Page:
12 October 2014

End of the tax disc

With the tax disc consigned to the history books after 93 years in service. Here's what you need to know, plus Luke McCormack gives his views on the disc being axed...

THE tax disc will be no more. The Government has decided on scrapping the tax disc. The round piece of paper that displayed on the car windscreens will no longer be in practice - starting from this month. For the first time in 93 years, since the first tax disc was used on motor vehicles back in 1921.

The Government has made the decision on scrapping the tax disc, because they're convinced that it will save them money. That it will apparently save them around £10million on printing and posting the discs. Personally, I think that scrapping the tax disc is a bad move. They may argue that it will save them money, but it could also cause more problems.

Issue of tax evasion

With no longer having the need to display the tax disc on the windscreen of your vehicle. This could lead a problem of tax evasion. The RAC has warned the Government that it could 'encourage to break the law with tax evasion' and they will 'lose around £167m in revenues' from axing the tax disc. The estimated losses massively outweighs the potential savings that the Government intend to make.

RAC chief engineer, David Bizley said: "There is real concern that without the need to display a disc, less scrupulous motorists will take a chance and try to evade payment. This already happens with insurance and adds an average £33 to the premiums of the law-abiding majority."

There will be automatic numberplate recognition cameras set up nationwide to catch out the tax dodgers. In theory, it may be a good idea, but if they do that as well as keep the disc. The general public can also help catch out the evaders as well, thus lowering the revenue losses.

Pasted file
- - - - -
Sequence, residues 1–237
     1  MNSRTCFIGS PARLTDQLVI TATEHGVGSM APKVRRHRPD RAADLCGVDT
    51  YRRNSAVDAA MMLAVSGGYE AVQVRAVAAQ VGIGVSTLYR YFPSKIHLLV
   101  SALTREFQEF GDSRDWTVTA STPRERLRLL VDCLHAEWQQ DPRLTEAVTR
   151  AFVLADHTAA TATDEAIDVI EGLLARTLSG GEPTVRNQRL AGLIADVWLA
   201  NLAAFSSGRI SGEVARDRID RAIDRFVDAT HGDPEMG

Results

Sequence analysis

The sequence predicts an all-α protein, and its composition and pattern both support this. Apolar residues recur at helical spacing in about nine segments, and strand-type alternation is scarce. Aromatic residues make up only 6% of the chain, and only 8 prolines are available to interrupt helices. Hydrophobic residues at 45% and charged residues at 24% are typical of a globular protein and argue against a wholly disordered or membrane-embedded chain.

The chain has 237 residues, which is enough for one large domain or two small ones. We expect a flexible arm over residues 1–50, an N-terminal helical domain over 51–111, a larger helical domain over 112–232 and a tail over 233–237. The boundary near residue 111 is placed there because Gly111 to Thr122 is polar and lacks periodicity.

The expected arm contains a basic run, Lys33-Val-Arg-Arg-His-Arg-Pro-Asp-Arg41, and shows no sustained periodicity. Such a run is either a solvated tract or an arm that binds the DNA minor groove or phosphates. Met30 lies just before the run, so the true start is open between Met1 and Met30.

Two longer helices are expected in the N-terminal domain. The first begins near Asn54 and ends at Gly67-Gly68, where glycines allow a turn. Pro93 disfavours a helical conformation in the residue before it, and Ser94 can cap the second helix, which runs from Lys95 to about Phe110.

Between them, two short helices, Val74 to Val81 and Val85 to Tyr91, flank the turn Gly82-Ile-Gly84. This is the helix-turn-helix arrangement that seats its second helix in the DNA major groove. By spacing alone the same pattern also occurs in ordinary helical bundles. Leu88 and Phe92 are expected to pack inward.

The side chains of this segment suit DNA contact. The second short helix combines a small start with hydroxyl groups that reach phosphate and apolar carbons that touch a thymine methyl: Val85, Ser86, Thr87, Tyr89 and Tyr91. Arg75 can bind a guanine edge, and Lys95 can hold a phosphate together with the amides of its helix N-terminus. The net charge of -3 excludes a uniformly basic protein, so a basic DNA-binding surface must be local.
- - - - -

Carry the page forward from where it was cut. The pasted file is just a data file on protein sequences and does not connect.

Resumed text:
With not having to display a disc on the windscreen, you won't know on whether the vehicle is road legal or not. That's one of the very reasons it will encourage tax evasion. However, there is no evidence to suggest that this will happen.

Lack of awareness

I also find it baffling on why the DVLA haven't informed the public about the up and coming changes on taxing our vehicles in the forseeable future. There's been no adverts on any medium you can think of. None on television, radio, newspapers, magazines, billboards and online.

With the DVLA not raising enough awareness about the changes. I think the more innocent law-abiding motorists will get caught out for tax evasion. Simply because they haven't been informed them about it. According to the RAC, only 1 in 5 motorists are aware of the changes on taxing our vehicles. However, I did get a letter for when the tax on my car needs renewing, but that's the only way the DVLA have informed me about the changes.

What you need to know

Some things will remain the same. Taxing your vehicle can be still be done online on the DVLA's website, but you can also do it at the Post Office. You can still pay VED (Vehicle Excercise Duty) for your car for 6 or 12 months. There's also a new scheme being into place where motorists can tax their vehicle on a monthly basis via direct debit payments.

When it comes to buying and selling cars, there will be changes. You will need to notify the DVLA immediately after selling or buying a car. If you don't, the penalty will be a £1,000 fine.

When you buy a car in future, you will also need to pay for VED once you've purchased it. If you've sold your car that's been taxed, you will get a refund from the DVLA with any full calendar months remaining on it.

With the new changes, you can also get tax refunds if your vehicle is either:

  • Scrapped at an Authorised Treatment Facility
  • Exported
  • Removed from the road and the person on the vehicle register has made a Statutory Off Road Notification (SORN)
  • Changed by its owner to an exempt duty tax class

To end this...

I'm rather sceptical of the changes with regards on scrapping the tax disc. I don't know what you make of it, but the Government is probably trying to fix something that isn't broken. The truth is that only time will tell.

RIP Tax disc.

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